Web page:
The provincial government has extended Saskatchewan’s public health measures until March 19, and added more health care workers to the list of residents who qualify for the COVID-19 vaccine during the phase one rollout.
Premier Scott Moe said Saskatchewan’s COVID numbers have improved since the government implemented strict public health orders last year. However, both Moe and Chief Medical Health Officer Dr. Saqib Shahab said there is still some risk in spreading the disease, so the orders will remain in place.
“There is reason for optimism, but it’s not a reason for us to let our guard down,” Moe told reporters during a press conference on Tuesday. “What we are doing in Saskatchewan is working … but we need to keep doing it to ensure this trend continues for the foreseeable future.”
“Even though our case numbers are trending down, as the premier said, it is just our second week of our numbers consistently (being) below 200 (new cases per day), and we really need to sustain this course,” Shahab added. “We’re trending in the right direction, but we’ve seen how quickly that can reverse, not just in Saskatchewan, but in many other provinces.”
The public health orders were set to expire on Friday, but Shahab said the province needs to remain cautious until more healthcare workers can get vaccinated.
Moe said the province expects to receive around 28,000 doses of the Pfizer vaccine, along with 4,500 doses from Moderna. Those shipments will primarily be used for second doses. First doses will head to Swift Current and the rest of the southwest. The South West and South Central zones are the only two in the province that have not received any COVID vaccines.
“This is still a very low number of doses, but the federal government assures us that deliveries will be ramping up significantly into March, and then into the second quarter of this year,” Moe said. “I can tell you, it can’t happen soon enough.”
Saskatchewan has received fewer doses than originally intended, and that trend will likely continue. The majority of the next Moderna shipment will go to Canada’s northern territories, which means reduced shipments to the provinces. Public health officials in Nova Scotia, New Brunswick and Prince Edward Island have already said they expect to see fewer Moderna doses in February as a result.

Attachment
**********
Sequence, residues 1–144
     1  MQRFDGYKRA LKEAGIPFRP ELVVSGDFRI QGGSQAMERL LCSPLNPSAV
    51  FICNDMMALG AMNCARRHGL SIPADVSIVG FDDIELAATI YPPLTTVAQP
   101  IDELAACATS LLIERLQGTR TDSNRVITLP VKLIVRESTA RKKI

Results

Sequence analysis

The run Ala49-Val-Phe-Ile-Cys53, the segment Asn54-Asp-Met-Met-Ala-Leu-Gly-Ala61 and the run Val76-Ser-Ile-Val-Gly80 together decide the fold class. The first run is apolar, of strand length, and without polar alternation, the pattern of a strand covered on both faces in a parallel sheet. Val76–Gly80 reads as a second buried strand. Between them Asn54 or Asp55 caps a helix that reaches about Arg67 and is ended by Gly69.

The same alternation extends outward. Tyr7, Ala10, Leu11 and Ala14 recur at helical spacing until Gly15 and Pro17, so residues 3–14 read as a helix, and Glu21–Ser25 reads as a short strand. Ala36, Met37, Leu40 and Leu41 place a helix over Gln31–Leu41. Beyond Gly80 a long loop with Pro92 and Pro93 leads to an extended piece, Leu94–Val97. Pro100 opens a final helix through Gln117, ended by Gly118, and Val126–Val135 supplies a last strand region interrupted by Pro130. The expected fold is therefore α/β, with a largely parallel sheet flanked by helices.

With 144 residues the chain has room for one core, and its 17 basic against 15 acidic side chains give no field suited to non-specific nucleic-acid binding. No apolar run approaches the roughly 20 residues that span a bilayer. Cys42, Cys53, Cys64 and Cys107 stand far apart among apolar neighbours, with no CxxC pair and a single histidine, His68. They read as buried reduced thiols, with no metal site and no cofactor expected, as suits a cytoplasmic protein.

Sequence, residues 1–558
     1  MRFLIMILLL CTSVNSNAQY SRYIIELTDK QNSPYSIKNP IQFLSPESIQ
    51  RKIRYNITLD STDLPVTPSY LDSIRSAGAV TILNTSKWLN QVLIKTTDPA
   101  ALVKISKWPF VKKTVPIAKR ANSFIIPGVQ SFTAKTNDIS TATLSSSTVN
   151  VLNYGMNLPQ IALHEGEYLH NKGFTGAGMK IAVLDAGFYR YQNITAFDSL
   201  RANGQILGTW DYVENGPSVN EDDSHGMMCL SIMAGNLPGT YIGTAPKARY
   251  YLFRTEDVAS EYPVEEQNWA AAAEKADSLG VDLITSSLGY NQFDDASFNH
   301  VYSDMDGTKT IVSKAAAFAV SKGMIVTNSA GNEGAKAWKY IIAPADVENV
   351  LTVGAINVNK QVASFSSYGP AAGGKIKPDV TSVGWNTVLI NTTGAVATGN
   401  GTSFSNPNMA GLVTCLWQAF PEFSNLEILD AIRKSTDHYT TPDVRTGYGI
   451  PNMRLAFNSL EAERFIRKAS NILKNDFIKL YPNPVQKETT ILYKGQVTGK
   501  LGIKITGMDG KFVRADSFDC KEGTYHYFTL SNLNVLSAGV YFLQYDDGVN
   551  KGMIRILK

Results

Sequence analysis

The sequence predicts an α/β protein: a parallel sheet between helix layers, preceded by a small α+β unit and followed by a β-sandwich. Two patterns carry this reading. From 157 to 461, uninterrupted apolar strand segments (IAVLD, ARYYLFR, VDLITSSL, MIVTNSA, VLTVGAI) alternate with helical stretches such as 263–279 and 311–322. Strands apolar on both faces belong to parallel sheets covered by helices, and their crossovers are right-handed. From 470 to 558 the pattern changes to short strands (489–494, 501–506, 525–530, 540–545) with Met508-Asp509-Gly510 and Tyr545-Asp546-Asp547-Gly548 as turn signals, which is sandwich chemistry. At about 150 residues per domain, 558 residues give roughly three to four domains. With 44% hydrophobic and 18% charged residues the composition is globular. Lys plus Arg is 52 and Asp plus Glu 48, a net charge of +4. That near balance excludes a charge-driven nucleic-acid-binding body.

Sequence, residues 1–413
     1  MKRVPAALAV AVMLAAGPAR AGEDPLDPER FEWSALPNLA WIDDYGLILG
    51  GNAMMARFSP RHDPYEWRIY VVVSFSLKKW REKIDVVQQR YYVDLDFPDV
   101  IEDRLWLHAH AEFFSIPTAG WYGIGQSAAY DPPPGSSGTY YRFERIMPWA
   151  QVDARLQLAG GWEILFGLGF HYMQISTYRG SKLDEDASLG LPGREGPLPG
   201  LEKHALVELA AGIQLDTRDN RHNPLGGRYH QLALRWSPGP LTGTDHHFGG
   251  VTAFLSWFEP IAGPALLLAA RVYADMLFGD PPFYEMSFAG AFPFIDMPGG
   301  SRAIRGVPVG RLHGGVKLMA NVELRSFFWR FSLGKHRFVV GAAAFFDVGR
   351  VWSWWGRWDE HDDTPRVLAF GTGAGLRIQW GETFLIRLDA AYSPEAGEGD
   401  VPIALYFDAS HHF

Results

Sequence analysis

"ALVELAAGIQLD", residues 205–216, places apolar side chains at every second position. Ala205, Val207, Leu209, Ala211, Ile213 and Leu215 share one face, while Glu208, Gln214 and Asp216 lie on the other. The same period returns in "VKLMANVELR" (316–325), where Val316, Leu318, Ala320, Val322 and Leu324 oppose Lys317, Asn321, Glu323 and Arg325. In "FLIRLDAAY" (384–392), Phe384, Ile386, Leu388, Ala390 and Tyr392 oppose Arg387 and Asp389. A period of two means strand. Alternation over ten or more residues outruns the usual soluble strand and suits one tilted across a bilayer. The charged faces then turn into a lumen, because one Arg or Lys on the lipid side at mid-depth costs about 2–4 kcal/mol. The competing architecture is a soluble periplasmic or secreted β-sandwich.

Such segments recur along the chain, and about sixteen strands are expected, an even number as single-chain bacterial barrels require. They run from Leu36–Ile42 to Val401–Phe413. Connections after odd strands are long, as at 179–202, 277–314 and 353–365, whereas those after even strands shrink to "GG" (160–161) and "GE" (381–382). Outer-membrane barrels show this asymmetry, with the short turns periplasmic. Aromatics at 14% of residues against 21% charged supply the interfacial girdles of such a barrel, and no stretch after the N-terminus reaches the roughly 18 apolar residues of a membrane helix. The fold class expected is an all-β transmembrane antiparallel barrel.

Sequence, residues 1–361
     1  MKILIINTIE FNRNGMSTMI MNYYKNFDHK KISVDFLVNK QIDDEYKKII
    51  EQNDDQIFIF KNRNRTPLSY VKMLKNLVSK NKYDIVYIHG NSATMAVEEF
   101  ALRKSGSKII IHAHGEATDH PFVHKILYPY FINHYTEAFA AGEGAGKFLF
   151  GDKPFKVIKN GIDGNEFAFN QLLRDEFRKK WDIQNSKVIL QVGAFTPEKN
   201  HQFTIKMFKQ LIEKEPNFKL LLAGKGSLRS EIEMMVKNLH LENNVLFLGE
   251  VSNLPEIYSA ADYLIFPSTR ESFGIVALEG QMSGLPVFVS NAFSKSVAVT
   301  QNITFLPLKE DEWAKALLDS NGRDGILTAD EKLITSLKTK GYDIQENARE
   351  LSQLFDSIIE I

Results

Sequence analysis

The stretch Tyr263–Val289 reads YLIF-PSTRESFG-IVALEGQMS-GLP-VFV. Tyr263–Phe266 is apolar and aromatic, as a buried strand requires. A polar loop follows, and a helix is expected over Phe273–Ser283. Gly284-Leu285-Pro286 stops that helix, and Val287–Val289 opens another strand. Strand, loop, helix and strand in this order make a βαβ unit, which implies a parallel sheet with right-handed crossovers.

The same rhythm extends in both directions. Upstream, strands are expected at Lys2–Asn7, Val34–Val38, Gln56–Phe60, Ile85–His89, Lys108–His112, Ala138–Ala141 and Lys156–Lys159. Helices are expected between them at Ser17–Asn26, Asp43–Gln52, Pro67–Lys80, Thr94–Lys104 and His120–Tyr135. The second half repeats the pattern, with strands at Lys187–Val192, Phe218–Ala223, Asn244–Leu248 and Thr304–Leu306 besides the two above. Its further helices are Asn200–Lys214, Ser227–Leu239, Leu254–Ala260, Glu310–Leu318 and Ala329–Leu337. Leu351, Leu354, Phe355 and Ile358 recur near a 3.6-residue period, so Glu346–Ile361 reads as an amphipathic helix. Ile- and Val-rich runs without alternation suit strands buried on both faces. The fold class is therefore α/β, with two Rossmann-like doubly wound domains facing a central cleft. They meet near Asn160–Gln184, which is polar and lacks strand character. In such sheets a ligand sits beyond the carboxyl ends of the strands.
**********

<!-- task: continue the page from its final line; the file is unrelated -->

Moe estimated Saskatchewan will only receive between 65 to 75 per cent of the vaccine doses they were told would arrive by the end of February. He declined to say whether diverting those vaccines to the territories was the right call, but said it would create additional challenges in Saskatchewan.
“What I’m saying is there are consequences,” he said. “We’re not sure how we’re going to navigate this at this point in time, but we’ll have 1,000 people, (who) it appears will be short of having access to their Moderna second doses. Maybe there’s 1,000 people who won’t show up for their second dose. I don’t know at this time.”
The province aimed to have residents receive their second dose within forty days, but Moe said that timeline may need to be extended. Shahab said that shouldn’t be a problem, since there’s a growing pile of evidence that the second dose will still be effective if delivered after 40 days.
The number of active COVID-19 cases numbers has dropped from a 2021 high of 4,265 on Jan. 18 to 1,611. However, Shahab said they’re still seeing large outbreaks in hospitals, long-term care homes and some workplaces. Until vaccination numbers increase, he said Saskatchewan residents need to stay vigilant and keep following the public health guidelines.
“This has always worked for us, (and) it will work for us again,” Shahab explained. “It’s really important to keep our numbers low so that vaccination clinics, as they start ramping up, can happen in a smooth manner (and) healthcare workers can give vaccinations instead of having to look after patients in hospital (or) do contract tracing.”
Province adds additional health care workers to phase one vaccine priority list
Up to 2,600 physicians and 1,200 pharmacists are now eligible for the COVID-19 vaccine after the provincial government increased the number of health care workers who qualified for phase one of the vaccination rollout.
Vaccination teams, hemodialysis, anesthesia and operating room staff, radiology technicians, home care workers, Phlebotomy and lab staff who handle COVID-19 specimens and other critical health care workers will also be eligible under the updated guidelines.
Moe said those health care workers are more likely to come in contact with COVID-19 patients, which puts them in greater danger of catching and spreading the virus.
“We did say last week that we would be reviewing about 16,000 healthcare workers who were originally allocated to go into phase one,” Moe told reporters. “This does preserve our ability to have a mass vaccination capacity, and really turn these vaccines around when we receive them in higher numbers.”
The move means an estimated 11,500 people have been added to the phase one priority sequencing list. There are now roughly 26,000 health care workers eligible in phase one, which makes up about 60 per cent of the province’s health care workforce.
Shahab said health care officials constantly review who is eligible for vaccination in phase one. He said getting a larger number of healthcare workers vaccinated would reduce the number who were not working because they were considered close contacts.